For them to obtain these rights, you will be asked to sign contracts that prohibits you from shopping or packaging the screenplay independently.

Screenplay options usually come with a fee that compensates the writer for taking their screenplay off the market, though the exact amount of this fee (if any) can vary. Back in the screenwriting boom of the 1990s and early 2000s, screenplay options were highly lucrative, earning screenwriters anywhere from $10,000 to $25,000 on average. But these days, especially after the 2007/2008 Writers Guild Strike and economic collapse, Hollywood doesn't offer as much. You can expect anywhere from $500 to $2,500 (if that... see below).

By signing an option agreement, the writer puts their script on hold while the producer or executive attempts to secure funding and distribution for production. Ultimately, the hope is that the option will lead to a successful sale and production of the screenplay. The hard truth is that it's tough to package a spec script written by an unknown writer. But if the concept is good enough, representing something currently highly desirable in the Hollywood market, anything is possible.

Read More: The Screenwriter's Simple Guide to Screenwriting Options

Jordan (Leonardo DiCaprio) holding money as he stands next to the ocean in 'The Wolf of Wall Street'

'The Wolf of Wall Street' (2013)

Shopping Agreement

A shopping agreement is a contract in which a screenwriter allows an agent, manager, producer, or executive to "shop" their script to potential buyers, such as studios, networks, streamers, distributors, and production companies. If this sounds strangely like an option agreement, it is. And there's a catch—shopping agreements do not offer monetary compensation.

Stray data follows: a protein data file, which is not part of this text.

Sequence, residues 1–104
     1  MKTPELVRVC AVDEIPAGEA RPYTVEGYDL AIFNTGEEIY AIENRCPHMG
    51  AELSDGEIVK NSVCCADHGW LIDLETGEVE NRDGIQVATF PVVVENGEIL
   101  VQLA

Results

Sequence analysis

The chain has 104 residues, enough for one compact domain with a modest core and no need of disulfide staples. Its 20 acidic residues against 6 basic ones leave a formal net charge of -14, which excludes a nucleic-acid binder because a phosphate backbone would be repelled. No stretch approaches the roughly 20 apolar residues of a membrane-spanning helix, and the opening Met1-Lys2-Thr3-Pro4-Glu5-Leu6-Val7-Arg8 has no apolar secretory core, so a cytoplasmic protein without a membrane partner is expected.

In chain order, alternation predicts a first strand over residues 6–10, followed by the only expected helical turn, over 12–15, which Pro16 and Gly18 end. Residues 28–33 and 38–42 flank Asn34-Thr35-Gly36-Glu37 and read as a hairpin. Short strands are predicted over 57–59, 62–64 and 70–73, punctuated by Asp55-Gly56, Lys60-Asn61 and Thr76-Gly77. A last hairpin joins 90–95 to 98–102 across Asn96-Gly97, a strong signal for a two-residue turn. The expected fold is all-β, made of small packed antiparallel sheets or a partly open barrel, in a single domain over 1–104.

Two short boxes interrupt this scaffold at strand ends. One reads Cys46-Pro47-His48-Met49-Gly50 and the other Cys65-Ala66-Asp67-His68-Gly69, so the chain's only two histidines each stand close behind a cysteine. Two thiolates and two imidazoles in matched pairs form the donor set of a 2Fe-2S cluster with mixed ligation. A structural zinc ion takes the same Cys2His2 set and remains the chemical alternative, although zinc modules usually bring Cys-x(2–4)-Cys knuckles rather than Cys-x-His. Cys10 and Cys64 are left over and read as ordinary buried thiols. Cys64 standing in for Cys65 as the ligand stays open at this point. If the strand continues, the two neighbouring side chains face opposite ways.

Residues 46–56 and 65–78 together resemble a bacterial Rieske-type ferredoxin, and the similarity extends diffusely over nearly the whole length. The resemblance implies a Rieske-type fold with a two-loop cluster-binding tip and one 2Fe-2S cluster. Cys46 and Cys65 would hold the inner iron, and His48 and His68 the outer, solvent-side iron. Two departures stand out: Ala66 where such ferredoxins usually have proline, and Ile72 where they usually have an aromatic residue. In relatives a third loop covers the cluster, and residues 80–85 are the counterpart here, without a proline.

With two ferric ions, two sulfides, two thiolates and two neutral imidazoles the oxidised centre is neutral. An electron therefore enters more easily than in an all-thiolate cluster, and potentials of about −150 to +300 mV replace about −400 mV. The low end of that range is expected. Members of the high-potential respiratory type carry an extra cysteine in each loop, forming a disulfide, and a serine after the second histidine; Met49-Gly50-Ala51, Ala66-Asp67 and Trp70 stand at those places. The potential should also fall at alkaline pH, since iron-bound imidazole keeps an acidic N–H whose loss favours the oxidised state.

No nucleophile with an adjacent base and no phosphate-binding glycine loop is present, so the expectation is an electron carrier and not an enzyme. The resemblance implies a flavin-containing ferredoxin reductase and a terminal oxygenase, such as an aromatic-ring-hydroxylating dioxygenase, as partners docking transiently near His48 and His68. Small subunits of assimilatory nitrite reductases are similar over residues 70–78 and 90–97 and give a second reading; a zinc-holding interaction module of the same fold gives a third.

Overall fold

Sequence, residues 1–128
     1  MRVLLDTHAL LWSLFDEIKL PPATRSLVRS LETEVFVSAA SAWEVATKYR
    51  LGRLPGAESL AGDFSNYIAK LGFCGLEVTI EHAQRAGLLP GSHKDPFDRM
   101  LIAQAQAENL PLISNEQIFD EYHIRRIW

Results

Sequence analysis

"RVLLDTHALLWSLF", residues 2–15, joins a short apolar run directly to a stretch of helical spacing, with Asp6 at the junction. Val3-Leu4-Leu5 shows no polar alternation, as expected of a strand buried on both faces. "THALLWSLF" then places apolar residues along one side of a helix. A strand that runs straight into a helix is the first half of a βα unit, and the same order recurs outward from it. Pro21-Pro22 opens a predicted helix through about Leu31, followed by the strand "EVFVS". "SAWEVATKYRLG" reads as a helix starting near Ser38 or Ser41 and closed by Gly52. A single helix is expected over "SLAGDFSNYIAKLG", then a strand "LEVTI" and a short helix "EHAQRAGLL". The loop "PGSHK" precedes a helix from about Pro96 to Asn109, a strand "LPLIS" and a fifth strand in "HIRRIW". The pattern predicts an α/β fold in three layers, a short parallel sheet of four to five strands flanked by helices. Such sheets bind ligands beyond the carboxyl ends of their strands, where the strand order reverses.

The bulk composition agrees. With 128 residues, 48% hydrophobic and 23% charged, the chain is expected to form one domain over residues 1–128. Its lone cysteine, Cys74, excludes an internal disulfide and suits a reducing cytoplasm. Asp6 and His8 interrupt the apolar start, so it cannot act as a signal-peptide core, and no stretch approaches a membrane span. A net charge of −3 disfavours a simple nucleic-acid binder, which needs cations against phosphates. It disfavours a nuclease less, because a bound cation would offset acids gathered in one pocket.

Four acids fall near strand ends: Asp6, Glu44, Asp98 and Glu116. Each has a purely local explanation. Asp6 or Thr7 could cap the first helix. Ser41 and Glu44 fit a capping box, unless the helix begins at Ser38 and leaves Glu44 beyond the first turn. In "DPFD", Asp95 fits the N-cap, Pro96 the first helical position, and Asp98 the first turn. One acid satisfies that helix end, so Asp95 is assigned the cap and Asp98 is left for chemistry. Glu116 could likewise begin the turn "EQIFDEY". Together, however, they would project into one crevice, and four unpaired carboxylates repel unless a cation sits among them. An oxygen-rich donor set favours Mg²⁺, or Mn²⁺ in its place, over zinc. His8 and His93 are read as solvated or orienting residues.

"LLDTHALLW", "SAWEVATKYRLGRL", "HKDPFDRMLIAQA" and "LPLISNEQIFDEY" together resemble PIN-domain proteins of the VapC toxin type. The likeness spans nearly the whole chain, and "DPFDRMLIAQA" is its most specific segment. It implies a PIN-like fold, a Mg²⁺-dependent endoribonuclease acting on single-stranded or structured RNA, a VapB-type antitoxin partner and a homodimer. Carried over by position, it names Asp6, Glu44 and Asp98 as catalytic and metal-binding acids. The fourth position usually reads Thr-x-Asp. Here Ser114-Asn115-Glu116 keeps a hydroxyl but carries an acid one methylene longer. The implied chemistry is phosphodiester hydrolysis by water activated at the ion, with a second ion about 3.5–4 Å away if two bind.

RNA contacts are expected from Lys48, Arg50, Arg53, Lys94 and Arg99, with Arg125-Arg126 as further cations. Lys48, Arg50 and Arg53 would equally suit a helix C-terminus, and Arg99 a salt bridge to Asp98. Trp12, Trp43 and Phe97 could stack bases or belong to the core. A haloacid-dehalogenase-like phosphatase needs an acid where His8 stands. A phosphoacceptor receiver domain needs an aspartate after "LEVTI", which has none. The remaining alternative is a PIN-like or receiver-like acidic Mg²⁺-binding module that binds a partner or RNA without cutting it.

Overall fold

Options and shopping agreements are essentially the same, except that some options agreements may offer an option fee to you, the screenwriter.

Although signing a shopping agreement is not inherently wrong or an undesirable position to be in, it's essential to consider the implications of doing so when you're not being compensated for your screenplay. Essentially, by signing this agreement, you entrust your script to someone else and rely solely on them to secure a sale or representation. This can be risky, especially when you consider that you won't receive any compensation for taking your script off the market for six months to a year.

Before signing any shopping agreements (or unpaid options), it's crucial to weigh the potential benefits and drawbacks and ensure that you're making an informed decision.

Read More: 10 Steps Screenwriters Can Take to Avoid Writing for Free

Cher (Alicia Silverstone) shopping in 'Clueless'

'Clueless' (1995)

Collaboration Agreement

When you want to team up with another screenwriter to write a script, you should take care of the legalities of that collaborative partnership with a collaboration agreement (check out this sample provided by the Writers Guild of America). Such agreements ensure both writers are compensated fairly if a collaborative project is sold.

The screenwriters involved can agree on various profit shares from any sale. Most of the time, it's a 50/50 split agreement.

Two men in suits shaking hands in 'Oppenheimer' (2023)

'Oppenheimer' (2023)

Open Writing Assignment  

Open Writing Assignment (OWA) is often misinterpreted as a writing assignment or a work-for-hire contracts (mentioned above). It's not.

OWAs are also known as sweepstake pitching, which entails studios, networks, or streamers owning possession of the rights to a property or concept they want to develop into a feature film. To develop them, they will reach out to agencies and management companies to solicit pitches.